Apple has added a new page to its website in China which urges customers to use official Apple USB adapters with their iOS devices. The move comes after two Chinese iPhone users were electrocuted by third-party chargers this month, which left one dead and the other in a coma for ten days.
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Back in September, British carrier O2 teamed up with HTC and started an initiative to reduce the number of unwanted smartphone chargers in the United Kingdom. The carrier estimated that around 70% of handset buyers already had a charger that would be compatible with their new device, and so it started selling certain HTC devices without them.
O2 is now reporting that the initiative has been a big success. 82% of customers didn’t need to purchase a charger with their smartphone, the company claims, which surpasses its initial expectations for the effort.
If you live in a house divided in the smartphone wars, where some members cling to their Androids while you relish the joy of your iPhone 5, you probably have a plethora of USB cables in your house that are completely useless to you. Apple now has a solution.
You can pick up a Lightning to Micro USB Adapter from Apple for $19 now. Use the adapter to connect an iPhone, iPad, or iPod with Lightning connector to a micro USB cable to sync and charge, or to a compatible micro USB charger to charge your device. The adapter is available online, or at your local Apple Store.
The new Lightning to 30 Pin adapter has not won over many Apple fans. No one wants to pay $30 to be able to use their old iPhone accessories with the new iPhone 5, but it’s better than buying a new accessory altogether, right?
Double Helix Cables finally got their new dock adapter in the mail and naturally decided to tear it apart and find out what is inside. They found out that just like the new Lightning cables, Apple’s gone to some extra lengths to make the Lightning to 30 Pin Adapter unhackable and uncounterfeitable.
The new Lighting To Thirty Pin Adapter is a tiny thing, just a little dongle that routes signals from your old iPhone dock or connector to the appropriate pins in the new Lightning adapter. It’s smaller than the size of a matchbook.
Despite this, however, reader Doug P. emailed us with an image of how much packaging the adapter comes in: not only is Apple’s retail packaging for the adapter six times bigger than the adapter itself, but the shipping box it comes in looks like could easily hold up to thirty adapters without their packaging.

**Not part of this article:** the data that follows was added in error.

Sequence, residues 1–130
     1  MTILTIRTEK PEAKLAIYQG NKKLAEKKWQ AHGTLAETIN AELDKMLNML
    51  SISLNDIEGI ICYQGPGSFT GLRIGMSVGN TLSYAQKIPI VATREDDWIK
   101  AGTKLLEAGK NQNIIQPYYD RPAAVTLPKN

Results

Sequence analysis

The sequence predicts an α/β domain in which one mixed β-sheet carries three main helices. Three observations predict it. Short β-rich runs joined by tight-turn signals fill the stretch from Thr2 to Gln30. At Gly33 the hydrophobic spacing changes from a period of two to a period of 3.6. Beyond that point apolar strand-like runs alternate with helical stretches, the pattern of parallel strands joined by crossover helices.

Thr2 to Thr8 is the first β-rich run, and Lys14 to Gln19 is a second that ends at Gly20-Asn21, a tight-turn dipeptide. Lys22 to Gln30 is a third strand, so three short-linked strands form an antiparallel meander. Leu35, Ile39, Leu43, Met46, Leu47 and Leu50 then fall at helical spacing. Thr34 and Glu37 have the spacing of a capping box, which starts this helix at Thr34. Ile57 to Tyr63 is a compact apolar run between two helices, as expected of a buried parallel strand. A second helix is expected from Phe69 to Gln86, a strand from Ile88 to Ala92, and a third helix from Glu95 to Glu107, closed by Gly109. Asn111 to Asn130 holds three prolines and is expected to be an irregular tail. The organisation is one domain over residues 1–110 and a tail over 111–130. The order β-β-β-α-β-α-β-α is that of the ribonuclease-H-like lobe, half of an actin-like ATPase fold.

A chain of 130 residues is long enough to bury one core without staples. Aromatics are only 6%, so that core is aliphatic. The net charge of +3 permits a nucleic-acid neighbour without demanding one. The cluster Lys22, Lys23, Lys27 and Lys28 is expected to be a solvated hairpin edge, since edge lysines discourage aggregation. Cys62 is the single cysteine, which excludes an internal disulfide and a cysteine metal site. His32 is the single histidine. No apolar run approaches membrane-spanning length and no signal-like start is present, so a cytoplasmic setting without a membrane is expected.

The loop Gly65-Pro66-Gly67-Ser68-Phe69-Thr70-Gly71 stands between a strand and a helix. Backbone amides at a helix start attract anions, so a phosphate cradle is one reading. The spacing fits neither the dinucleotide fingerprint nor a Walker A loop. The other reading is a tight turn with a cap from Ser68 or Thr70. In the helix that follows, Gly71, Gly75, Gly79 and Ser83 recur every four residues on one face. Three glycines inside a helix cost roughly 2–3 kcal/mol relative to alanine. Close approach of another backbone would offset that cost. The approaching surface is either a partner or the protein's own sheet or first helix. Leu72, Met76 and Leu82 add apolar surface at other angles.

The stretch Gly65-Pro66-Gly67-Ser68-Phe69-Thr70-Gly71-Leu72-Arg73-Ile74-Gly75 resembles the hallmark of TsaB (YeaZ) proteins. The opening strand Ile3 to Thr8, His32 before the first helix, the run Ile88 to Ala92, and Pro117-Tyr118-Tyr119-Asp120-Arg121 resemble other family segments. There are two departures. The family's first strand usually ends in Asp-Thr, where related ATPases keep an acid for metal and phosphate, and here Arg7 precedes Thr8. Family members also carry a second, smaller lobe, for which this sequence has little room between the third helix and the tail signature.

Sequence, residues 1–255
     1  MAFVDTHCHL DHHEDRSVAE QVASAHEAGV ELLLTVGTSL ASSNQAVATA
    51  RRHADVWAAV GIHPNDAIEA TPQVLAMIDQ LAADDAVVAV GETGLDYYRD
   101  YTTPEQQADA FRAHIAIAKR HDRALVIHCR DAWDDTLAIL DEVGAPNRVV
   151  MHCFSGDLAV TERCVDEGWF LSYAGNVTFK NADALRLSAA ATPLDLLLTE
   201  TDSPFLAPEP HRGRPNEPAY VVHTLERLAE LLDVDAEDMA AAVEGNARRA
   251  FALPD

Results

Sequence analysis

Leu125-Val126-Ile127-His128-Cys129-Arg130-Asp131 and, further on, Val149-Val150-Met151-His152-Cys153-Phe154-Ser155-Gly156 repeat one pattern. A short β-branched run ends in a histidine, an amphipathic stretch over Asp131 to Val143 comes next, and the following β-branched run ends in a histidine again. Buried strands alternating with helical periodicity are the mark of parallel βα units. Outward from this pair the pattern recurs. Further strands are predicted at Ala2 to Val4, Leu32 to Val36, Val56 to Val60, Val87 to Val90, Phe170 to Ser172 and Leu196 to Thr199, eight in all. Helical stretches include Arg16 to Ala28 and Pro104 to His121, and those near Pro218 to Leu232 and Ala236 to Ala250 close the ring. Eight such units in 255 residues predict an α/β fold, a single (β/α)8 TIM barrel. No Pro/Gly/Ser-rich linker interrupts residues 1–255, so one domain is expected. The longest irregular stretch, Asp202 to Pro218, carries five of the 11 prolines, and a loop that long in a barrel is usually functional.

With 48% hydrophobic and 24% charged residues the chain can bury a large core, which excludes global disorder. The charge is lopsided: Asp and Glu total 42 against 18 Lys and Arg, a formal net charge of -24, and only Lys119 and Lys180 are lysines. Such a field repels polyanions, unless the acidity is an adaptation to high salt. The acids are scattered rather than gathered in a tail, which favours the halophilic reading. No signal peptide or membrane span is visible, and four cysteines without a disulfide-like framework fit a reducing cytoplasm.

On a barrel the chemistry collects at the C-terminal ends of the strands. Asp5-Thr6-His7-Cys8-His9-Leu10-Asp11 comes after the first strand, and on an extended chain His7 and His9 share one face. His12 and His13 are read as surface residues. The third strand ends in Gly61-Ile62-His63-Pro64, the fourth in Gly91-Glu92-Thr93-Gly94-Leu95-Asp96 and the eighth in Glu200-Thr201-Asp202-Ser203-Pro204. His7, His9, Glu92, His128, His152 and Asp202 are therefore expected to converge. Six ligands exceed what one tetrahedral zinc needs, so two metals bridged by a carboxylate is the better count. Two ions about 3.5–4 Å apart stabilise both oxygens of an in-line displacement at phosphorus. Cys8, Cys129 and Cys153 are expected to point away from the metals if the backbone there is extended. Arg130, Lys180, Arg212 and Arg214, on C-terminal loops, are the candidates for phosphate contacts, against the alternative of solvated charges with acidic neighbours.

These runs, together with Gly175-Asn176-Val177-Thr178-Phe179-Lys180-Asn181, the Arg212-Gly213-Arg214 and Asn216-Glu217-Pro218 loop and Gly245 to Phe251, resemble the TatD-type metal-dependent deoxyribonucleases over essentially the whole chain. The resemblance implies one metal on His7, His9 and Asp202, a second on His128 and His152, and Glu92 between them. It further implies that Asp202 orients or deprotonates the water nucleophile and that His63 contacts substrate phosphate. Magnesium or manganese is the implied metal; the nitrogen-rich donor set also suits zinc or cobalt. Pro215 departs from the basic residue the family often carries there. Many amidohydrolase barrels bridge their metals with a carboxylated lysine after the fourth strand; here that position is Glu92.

Today the iPhone 5 goes on sale in The Rest Of The World, and it goes out into that world naked and empty, free of contracts and lock-ins. Yes, you can hook up with your favorite carrier and get a subsidized handset, but real men go commando.
And in this case, unless you have some forward-thinking telcos in your country, “going commando” means “cutting your own SIM.”
Which is why we’re taking a timely look at this natty Nano SIM adapter, which will let you put just about any SIM into any phone.
Still kind of pissed off that you’re going to have to buy a $29 Lightning adapter so all your accessories can play nice with your iPhone 5? Apple’s not even going to include a free adapter with your iPhone 5, just so you’ll have to pay them more money for more adapters, or so you’ll just switch to AirPlay enabled accessories.
Whatever the reason, the price on Apple’s Lightning adapters is terrible, but thankfully the knock-offs have arrived before the launch of the iPhone 5 and some of them will even save you $20 per adapter, so you can buy as many as you want for all your toys.
When you pre-ordered your iPhone 5 this morning, and you decided to pick up a Lightning to 30-pin adapter for all your old accessories, you may have noticed that Apple’s website promised you a free adapter with your purchase. As it turns out, Apple made a mistake, and it will not be sending you a free adapter after all.
Following the unveiling of the iPhone 5 and a new family of iPods on Wednesday, Apple has begun selling a new Lightning to Micro USB adapter for customers in Europe. As its name suggests, the adaptor allows users to charge and sync their new iOS device using a Micro USB cable — in compliance with the rules laid out by European Commission.
We figured that Apple was going to charge a stupid amount of money for the Lightning to 30-pin Adapter. We were thinking somewhere between $15-$20, but turns out Apple is going to charge 30 bucks just so your iPhone 5 can have fun with all your old accessories.
It feels like extortion, but maybe the production cost of the adapter is pretty high. Maybe Apple’s charging so much because they don’t want you to buy it so you’ll buy new accessories and cables instead so they’ll make even more money. Maybe we’re overreacting. Who knows?